Construction was delayed for months earlier this year when Florence, Snowy’s massive tunnel-boring machine, got stuck in soft rock beneath Kosciuszko National Park.
Snowy 2.0 is considered an important project in driving the shift to clean energy, as it can back up renewables when the wind isn’t blowing and the sun isn’t shining. The scheme uses surplus electricity to pump water uphill and then releases it to spin turbines at times of high demand.
Bowen declined to comment but has previously said Snowy 2.0 is critical to the government’s pledge to more than double the amount of power the electricity grid sources from renewables to 82 per cent by 2030 – the main source of greenhouse cuts needed for its target of reducing emissions 43 per cent by the end of the decade.
Snowy 2.0 will bring the scheme’s total generation capacity to 375,000 megawatts, which can be pumped out for 175 hours, or an entire week. By comparison, Tesla’s big battery in South Australia can only supply 150 megawatts into the grid for 194 hours, or about 8 days.
Grattan Institute climate change and energy director Tony Wood, commenting on the potential for massive cost blowouts, said it raised questions about Snowy 2.0’s value for money.
He said the government must declare if it will stick with the megaproject or nominate an alternative to back up electricity supply as more renewables pour into the grid.
“There has always been a sound case for serious long-term energy storage like pumped hydro, and Snowy 2.0 has got a much better combination of megawatts and megawatt-hours than alternatives,” Wood said.
“The government could say Snowy 2.0 will cost this much, and it’s still worth doing at $12 billion. They could also say we’re not going to do it, and why, and what we are going to do instead.
“Or they could blame the previous government and say we are sitting down with [electricity grid operator] the Australian Energy Market Operator to understand what the consequences will be if we do or don’t go ahead and we will report back.”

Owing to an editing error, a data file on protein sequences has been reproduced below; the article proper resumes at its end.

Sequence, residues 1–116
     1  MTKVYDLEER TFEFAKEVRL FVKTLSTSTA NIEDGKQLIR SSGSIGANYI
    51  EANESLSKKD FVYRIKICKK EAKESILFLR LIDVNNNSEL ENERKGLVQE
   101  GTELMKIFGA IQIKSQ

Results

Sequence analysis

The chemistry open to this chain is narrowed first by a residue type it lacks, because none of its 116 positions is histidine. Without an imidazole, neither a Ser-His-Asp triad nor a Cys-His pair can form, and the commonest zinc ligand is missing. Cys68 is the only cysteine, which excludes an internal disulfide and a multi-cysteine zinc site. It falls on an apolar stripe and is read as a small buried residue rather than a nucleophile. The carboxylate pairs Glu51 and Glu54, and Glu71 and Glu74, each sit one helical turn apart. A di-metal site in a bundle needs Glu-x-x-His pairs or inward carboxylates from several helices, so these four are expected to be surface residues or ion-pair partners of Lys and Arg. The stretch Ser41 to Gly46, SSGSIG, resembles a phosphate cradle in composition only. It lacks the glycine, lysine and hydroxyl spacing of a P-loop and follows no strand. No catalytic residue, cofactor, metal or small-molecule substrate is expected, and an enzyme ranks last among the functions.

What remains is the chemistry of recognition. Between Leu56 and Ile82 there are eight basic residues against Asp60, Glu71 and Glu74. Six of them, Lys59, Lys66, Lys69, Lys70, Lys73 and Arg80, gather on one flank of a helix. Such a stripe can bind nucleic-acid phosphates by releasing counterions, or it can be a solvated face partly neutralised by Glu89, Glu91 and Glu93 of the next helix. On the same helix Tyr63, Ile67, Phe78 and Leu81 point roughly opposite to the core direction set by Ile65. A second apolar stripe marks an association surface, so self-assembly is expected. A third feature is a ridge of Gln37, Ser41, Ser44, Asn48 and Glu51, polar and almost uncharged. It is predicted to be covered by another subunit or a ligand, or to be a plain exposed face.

The government could opt to double down on its support for the Battery of the Nation project, which will use the Marinus Link undersea cable to link Tasmanian hydroelectric dams to the eastern seaboard, or potentially boost gas-peaking plants and batteries.
The Victorian and NSW governments are nervous about energy security and the risks of blackouts as the grid is weaned off fossil fuels, with coal plants closing at a rapid rate as cheaper renewables come on the market.
Victoria has committed taxpayers’ dollars to cover the potential costs of keeping two of its largest coal plants operating until their expected closure dates, and NSW is considering subsidising Eraring, its biggest coal power plant.
NSW’s Liddell coal-fired generator closed in April and at least another seven of the remaining 14 coal plants on the eastern seaboard are due to shut within 12 years.
Power line projects in NSW and Victoria are being delayed by objections to projects such as HumeLink in NSW – which will link both states to Snowy 2.0, as well as the Western Renewables Link and VNI West in Victoria, which locals say will have negative impacts on property values, the environment and the landscape.
Cut through the noise of federal politics with news, views and expert analysis from Jacqueline Maley. Subscribers can sign up to our weekly Inside Politics newsletter here.